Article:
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Welcome to the Encyclopedia of Science Fiction, Fourth Edition. Some sample entries appear below. Click here for the Introduction; here for the masthead; here for Acknowledgments; here for the FAQ; here for advice on citations. Find entries via the search box above (more details here) or browse the menu categories in the grey bar at the top of this page.

Site updated on 16 May 2022
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Shulman, Dee

(1957-    ) South African author and illustrator, in the UK from childhood, whose first book, Hetty the Yeti (2004 chap), was written for younger children. She is of some sf interest for the Young Adult Parallon Trilogy comprising Fever (2012), Delirium (2013) and Afterlife (2014), an updating of the Timeslip romance in which a laboratory experiment casts the young protagonist back to 152 CE, where she saves a gladiator's life. They are later forced to flee through time in ...

Schuyler, George S

(1895-1977) US author whose first sf novel, Black No More: Being an Account of the Strange and Wonderful Workings of Science in the Land of the Free, A.D. 1933-1940 (1931) is a Satire featuring the Invention of a cosmetic treatment is that can bleach Blacks permanent white; the protagonist, now white (for what that means: Schuyler scathingly mocks any understanding of race as being defined by anything more significant than external circumstances), becomes a leading member of the Ku Klux Klan ...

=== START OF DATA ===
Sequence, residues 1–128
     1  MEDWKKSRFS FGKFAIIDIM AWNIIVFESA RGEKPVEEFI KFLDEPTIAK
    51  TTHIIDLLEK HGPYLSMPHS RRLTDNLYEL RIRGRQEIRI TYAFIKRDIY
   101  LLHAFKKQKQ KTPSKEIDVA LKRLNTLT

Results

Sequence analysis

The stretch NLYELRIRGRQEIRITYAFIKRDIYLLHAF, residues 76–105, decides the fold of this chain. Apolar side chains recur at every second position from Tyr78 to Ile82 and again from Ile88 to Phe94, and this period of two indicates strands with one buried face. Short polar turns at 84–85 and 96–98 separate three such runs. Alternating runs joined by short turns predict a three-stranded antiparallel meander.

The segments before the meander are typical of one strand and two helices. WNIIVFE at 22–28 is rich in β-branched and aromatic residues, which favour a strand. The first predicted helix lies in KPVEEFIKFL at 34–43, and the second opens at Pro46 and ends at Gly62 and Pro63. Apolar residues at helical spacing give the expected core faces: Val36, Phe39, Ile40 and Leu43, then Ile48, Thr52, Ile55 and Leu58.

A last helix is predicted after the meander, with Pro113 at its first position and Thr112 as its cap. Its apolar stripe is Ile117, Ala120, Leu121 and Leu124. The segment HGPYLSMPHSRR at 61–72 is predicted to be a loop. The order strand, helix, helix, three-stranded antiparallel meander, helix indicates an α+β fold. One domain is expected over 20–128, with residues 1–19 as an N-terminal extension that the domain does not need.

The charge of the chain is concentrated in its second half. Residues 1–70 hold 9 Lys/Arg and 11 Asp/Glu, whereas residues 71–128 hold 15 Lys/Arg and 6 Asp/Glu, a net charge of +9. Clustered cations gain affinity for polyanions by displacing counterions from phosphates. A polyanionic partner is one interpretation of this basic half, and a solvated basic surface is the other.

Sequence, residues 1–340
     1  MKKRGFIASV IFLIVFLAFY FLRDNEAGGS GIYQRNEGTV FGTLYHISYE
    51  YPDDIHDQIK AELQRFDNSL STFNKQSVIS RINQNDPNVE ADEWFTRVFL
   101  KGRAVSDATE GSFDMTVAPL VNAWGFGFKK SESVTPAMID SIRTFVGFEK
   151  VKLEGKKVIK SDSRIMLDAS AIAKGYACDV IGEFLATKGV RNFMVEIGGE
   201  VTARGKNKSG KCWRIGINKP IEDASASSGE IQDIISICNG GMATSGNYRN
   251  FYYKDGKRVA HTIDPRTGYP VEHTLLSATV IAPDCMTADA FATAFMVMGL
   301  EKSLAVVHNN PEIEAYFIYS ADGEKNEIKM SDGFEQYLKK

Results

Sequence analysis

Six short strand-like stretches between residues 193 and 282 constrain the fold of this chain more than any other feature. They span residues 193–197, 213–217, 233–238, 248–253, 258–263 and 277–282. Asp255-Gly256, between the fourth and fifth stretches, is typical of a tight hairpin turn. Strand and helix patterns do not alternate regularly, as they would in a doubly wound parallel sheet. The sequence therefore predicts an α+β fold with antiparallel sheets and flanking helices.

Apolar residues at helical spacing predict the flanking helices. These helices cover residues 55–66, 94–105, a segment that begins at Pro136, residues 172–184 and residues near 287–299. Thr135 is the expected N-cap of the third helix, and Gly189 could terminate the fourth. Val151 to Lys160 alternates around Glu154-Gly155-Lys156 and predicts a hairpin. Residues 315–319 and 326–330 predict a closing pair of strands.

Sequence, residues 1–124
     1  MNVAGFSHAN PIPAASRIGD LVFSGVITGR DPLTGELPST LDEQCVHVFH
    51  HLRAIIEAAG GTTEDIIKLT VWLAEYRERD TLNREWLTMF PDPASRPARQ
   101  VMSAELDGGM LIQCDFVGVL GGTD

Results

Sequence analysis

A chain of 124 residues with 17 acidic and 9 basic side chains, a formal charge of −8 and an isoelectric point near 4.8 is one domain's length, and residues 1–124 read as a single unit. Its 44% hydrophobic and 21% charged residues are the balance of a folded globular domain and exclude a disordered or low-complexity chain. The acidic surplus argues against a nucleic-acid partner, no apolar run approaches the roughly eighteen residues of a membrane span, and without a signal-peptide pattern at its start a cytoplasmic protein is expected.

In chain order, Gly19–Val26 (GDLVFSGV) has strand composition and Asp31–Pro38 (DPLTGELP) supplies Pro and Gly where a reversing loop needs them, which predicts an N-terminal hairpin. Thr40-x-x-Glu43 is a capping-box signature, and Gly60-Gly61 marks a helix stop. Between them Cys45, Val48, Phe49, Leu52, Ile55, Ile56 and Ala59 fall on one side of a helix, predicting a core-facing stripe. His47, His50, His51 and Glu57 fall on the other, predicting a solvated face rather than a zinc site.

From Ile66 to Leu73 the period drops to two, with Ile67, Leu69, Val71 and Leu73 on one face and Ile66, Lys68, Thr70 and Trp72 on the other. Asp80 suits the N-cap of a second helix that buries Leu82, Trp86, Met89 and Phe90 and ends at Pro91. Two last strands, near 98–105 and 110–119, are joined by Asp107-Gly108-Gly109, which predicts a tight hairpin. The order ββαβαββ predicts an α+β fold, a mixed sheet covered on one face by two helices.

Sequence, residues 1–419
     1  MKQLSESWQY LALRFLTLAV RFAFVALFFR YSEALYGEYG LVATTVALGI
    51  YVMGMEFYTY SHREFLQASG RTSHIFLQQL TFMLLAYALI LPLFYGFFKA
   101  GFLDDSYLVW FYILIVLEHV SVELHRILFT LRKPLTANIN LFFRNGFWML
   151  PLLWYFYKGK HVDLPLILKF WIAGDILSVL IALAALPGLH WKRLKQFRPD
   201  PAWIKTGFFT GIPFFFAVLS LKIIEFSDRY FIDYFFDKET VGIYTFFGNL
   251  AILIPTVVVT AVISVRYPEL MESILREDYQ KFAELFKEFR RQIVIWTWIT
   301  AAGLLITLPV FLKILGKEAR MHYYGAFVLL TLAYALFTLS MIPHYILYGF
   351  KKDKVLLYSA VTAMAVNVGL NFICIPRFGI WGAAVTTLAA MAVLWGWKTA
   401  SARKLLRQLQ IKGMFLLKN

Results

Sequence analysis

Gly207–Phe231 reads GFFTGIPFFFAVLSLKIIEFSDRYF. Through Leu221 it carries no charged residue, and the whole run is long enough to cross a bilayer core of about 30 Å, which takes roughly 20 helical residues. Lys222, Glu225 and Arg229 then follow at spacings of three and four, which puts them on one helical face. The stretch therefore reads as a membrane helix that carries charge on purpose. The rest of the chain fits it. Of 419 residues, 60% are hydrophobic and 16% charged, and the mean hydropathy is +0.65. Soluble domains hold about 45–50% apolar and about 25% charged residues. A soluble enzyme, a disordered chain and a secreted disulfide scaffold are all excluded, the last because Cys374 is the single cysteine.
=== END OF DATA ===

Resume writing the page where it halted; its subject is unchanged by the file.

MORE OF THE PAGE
Butor, Michel

(1926-2016) French critic and author, principally known as a leading exponent of the nouveau roman. Butor was one of the first mainstream and academic critics to consider sf seriously according to the same standards as general literature. He published an invigorating analysis of Jules Verne as early as 1949, and examined the dilemmas and future potential of the field in his penetrating study, "La crise de croissance de la SF" (1953); this was first translated by Richard Howard as "Science ...

Peddie, James

(?   -?   ) Scottish author, much of whose output was nonfiction under various names about games. His sf novel is Capture of London (1887 chap), in which the Invasion of London, after the general model of the Battle of Dorking tales, is in this case accomplished via a Channel tunnel. [JC]

Mackel, Kathryn

(1950-    ) US screenwriter and author who writes for adult and Young Adult readers as Kathryn Mackel, and for younger readers as Kathy Mackel. Her work throughout is infused with Christian beliefs and advocacies, which govern her deployment of sf tropes, so that events initially seen as sf soon become Equipoisal between sf and supernatural fiction before unfolding in terms of dramas where the End of the World is couched as a Godgame drama designed to separate sinners from ...

Robinson, Roger

(1943-    ) UK computer programmer, bibliographer and publisher, active in UK Fandom for many years. The Writings of Henry Kenneth Bulmer (1983 chap; rev 1984 chap) is an exhaustive Bibliography of one of the most prolific sf writers, and Who's Hugh?: An SF Reader's Guide to Pseudonyms (1987) is similarly exhaustive in its listing of Pseudonyms. Criticized at first for its failure to annotate its findings – so that, for instance, pseudonyms used for sf could not be ...



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